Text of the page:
all people, understands. He used to be a persecutor
        for religious reasons. He understands the conflict
        between good and evil. I think the Holy Spirit warns
        him because he does not have to be injured. But, Paul
        is completely devoted to advancing the Kingdom of

  2. Jerusalem

    1. Read Acts 21:17-19. How does Paul’s visit to Jerusalem

    2. Read Acts 21:20-21. Are the church leaders totally
      delighted with Paul’s work? (They think it is great that
      he is doing such wonderful work with the Gentiles, but
      reports of his work are creating trouble in Jerusalem.)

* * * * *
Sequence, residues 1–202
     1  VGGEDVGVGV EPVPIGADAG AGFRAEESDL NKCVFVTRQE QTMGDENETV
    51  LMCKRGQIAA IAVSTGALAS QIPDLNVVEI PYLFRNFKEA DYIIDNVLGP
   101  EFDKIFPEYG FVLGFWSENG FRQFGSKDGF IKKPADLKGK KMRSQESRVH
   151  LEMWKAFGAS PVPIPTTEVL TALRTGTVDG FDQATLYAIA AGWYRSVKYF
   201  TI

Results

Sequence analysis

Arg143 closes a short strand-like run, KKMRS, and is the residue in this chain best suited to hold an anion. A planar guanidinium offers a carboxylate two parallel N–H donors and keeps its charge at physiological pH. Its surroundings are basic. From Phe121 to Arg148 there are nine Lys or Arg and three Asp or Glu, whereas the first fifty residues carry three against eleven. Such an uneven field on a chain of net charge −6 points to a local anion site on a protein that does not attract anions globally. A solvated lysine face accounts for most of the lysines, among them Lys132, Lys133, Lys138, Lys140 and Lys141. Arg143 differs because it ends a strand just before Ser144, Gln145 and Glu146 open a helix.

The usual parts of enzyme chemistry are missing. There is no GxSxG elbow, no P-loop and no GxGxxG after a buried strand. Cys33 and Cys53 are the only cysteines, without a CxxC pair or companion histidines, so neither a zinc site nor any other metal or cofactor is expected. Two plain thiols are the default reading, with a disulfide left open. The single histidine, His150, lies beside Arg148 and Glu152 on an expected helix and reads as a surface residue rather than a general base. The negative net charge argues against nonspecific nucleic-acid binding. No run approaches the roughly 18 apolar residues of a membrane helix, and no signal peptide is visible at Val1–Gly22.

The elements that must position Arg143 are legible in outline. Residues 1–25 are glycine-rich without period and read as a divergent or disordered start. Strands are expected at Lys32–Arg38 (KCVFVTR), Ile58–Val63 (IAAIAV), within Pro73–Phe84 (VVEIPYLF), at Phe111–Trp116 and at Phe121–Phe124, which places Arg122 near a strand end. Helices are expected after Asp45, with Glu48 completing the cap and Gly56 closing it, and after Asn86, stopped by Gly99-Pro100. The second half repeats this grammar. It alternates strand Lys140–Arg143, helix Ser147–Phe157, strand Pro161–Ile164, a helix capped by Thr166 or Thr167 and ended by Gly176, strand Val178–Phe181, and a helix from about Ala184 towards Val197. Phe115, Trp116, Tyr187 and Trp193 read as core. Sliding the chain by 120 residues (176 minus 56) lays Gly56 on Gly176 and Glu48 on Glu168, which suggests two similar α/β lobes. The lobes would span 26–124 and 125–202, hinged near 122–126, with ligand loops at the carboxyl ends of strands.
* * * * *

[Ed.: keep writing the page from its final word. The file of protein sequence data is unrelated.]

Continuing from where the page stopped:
3. Read Acts 21:22. How would you answer this if you were

    4. Read Acts 21:23-24. Have you had this happen to you?
      Someone asks you for your opinion about what you should
      do, and before you can answer, they tell you what they
      think you should do?

      1. What do you think about the advice of James and the

      2. Are the charges true – that Paul says that Jews
        should not circumcise their children or follow Jewish
        “customs?” (Read Galatians 5:6 and Galatians 5:12.
        Should we say that Paul’s true position is “super
        circumcision?” Those zealous for the law should cut
        off their entire organ? You can argue that Paul is
        not telling the Jews to avoid circumcision, but he is
        clearly hostile to the idea that Gentiles must be
        circumcised. Plus, he says that circumcision does not
        make any difference.)

    5. Read Acts 21:25. Why do James and the elders add this
      note? (They want Paul to know that they are not backing
      down on their view of the limited requirements for